According to various sources journaling has been proven to help manage anxiety, reduce stress, and help cope with depression. Knowing the positive outcomes to journaling, Precious Dreams Foundation holds a journaling-based Comfort Drop for the older youths we serve.
This week we held a Comfort Drop in Brooklyn where we taught 18 girls (ages 12-19) the importance of journaling and all of its benefits. We provided each girl with their own unique journal and gave them this prompt: “Dear (their name), Tomorrow is a chance to……”
With this prompt, they were to come up with items to do tomorrow and then the following day cross out the word tomorrow and change it to today, so they could start completing tasks. We encouraged the girls to write in tasks that were small like; “Tomorrow is a chance to clean my room” or larger goals such as; “Tomorrow is a chance to reconcile with my father.”
After taking a lap around the room twice, I noticed one little girl in particular was having a difficult time coming up with goals/tasks for her journal. I sat with her and all she had written so far was one of the examples we had given out in explaining the prompt; “Tomorrow is a chance not to be lazy.” I had asked her what problems and stressors she had in her life.
Her response was “Not a lot really. Just my little brother bothers me and then I get annoyed and tell on him. Then my mom gets mad at me instead of him.”
I asked her “Well why does your little brother annoy you? What does he do that’s annoying?”
“He always messes with my stuff and just overall bothers me.”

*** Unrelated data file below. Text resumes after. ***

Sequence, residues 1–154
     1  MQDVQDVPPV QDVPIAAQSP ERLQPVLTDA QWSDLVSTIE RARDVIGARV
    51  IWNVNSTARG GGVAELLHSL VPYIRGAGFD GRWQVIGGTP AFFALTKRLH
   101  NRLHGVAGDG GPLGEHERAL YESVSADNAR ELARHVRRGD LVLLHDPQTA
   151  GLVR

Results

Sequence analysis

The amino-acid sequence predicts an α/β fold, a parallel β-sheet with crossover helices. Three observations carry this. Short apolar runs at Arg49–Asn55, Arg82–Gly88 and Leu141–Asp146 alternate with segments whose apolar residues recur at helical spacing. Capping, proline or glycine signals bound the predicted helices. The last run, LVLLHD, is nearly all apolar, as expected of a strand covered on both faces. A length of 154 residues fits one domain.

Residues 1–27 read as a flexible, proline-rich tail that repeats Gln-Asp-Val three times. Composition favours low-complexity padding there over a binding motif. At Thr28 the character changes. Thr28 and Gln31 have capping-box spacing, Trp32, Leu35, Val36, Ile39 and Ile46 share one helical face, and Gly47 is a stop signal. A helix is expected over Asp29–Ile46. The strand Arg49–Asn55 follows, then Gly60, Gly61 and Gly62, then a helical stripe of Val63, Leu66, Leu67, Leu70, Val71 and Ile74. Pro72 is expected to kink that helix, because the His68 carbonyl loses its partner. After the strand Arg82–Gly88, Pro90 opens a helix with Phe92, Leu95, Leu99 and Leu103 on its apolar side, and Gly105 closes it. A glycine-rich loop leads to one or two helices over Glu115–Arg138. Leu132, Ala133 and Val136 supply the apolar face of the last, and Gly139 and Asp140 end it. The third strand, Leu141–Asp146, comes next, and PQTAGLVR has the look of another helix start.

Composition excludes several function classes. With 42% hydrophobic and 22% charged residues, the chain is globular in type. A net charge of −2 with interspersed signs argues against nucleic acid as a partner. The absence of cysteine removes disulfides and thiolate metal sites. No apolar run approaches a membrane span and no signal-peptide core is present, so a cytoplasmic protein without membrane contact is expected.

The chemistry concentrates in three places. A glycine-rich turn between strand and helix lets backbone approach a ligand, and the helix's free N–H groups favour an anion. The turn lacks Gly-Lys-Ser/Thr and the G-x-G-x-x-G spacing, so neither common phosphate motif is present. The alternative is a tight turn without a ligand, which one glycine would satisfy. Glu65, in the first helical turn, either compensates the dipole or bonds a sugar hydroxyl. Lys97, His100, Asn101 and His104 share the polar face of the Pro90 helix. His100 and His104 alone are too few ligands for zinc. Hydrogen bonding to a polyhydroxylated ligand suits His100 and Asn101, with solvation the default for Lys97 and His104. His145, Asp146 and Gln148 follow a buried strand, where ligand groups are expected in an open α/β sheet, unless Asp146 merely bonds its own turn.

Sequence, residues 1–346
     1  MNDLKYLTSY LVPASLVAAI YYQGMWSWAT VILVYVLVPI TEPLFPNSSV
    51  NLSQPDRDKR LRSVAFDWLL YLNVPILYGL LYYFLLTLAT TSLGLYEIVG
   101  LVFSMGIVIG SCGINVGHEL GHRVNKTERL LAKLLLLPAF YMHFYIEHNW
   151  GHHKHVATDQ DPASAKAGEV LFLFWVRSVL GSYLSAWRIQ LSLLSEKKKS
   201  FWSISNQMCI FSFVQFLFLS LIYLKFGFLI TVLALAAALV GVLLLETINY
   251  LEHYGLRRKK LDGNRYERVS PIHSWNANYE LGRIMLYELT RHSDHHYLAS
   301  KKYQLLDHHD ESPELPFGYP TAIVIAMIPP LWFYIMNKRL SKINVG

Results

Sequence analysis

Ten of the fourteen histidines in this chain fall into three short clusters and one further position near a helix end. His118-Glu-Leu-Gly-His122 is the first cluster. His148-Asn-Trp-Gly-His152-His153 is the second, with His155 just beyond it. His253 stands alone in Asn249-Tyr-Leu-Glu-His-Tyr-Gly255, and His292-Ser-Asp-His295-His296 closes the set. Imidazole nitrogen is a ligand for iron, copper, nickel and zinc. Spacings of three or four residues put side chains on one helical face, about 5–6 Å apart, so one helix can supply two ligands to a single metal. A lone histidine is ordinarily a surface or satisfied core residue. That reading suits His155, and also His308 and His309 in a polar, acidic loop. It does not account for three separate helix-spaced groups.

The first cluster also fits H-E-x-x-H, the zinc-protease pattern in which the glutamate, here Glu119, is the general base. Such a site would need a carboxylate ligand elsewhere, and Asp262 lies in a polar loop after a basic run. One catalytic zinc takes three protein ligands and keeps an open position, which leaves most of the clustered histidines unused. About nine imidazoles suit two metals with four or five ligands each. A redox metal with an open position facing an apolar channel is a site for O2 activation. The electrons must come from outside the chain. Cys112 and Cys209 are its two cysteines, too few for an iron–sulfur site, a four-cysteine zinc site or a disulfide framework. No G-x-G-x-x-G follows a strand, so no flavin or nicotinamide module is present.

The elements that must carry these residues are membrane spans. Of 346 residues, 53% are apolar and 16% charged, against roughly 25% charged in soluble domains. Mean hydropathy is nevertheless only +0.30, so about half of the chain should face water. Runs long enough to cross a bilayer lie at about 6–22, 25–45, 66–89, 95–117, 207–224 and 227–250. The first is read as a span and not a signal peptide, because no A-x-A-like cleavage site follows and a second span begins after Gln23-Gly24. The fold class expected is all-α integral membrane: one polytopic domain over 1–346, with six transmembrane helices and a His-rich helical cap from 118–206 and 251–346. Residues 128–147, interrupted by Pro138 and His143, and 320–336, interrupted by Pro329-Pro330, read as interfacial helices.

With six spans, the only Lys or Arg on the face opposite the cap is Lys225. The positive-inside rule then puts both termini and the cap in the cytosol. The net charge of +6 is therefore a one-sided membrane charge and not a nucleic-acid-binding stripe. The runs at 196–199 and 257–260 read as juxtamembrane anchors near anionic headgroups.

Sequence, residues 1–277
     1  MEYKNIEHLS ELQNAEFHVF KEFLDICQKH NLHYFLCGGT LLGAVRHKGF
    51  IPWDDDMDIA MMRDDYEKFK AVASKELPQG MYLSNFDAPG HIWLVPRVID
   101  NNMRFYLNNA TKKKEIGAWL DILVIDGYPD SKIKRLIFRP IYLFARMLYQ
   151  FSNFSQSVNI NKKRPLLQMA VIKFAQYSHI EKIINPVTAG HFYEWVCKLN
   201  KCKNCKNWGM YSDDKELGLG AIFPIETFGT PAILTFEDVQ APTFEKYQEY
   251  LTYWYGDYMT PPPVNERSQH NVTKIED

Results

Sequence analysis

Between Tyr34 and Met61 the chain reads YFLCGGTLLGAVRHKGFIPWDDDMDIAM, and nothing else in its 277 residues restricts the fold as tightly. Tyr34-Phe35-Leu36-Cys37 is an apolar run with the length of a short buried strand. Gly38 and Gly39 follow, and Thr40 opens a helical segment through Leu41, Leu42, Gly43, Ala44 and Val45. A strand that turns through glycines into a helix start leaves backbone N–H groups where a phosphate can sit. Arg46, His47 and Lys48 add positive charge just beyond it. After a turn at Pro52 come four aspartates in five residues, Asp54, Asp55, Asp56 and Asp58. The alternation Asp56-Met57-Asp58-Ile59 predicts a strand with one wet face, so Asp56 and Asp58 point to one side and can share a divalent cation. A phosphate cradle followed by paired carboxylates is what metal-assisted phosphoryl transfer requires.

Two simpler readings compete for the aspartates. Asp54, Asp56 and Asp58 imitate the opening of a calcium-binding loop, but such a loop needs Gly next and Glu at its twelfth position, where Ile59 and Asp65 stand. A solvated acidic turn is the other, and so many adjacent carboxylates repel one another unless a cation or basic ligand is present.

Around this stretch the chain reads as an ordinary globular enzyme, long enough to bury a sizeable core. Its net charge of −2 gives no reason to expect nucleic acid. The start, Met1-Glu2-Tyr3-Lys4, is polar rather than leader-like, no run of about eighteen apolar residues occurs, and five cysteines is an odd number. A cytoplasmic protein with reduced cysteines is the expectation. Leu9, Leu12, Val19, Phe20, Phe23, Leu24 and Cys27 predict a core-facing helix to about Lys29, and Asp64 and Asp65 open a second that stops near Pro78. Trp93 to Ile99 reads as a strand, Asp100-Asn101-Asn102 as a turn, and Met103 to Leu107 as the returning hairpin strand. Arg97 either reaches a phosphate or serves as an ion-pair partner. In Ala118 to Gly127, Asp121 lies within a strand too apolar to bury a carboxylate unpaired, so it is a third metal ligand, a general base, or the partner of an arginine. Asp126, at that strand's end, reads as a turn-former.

“Maybe if you talk to him and ask him why he bothers you, you guys can figure it out.”
She replied, “He has a learning disability and can’t talk very well, that’s why my mom always gets mad at me instead of him.”
At first, I was sort of stumped, none of my close family nor friends have a learning disability in which it’s hard to understand them. I was grasping at a connection for a minute, then I turned to her and said “When I was little, I’d bother my older brothers all the time. I bothered them because I wanted to hang out and play with them, but since they were older than me they just thought I was annoying too. Maybe since your brother has trouble speaking he can’t really tell you how he feels.”
“I never really thought of it that way.” And before I knew it her she had started scribbling away in her journal. I got up to check on other girls’ writings then made my way back to her.
She had shown me her journal and it read: “Tomorrow is a chance to not get mad when my brother annoys me, instead play with him and try to understand him better.” “Tomorrow is a chance to help my mom more with my brother and stop getting mad at her too.” She said, “I don’t like getting frustrated with my brother and mom, so I want to try these tomorrow!”
The sheer excitement and determination in her voice made my heart melt. I was so happy that she was going to commit to her tasks for tomorrow and that she was able to resolve conflicts in her life through journaling.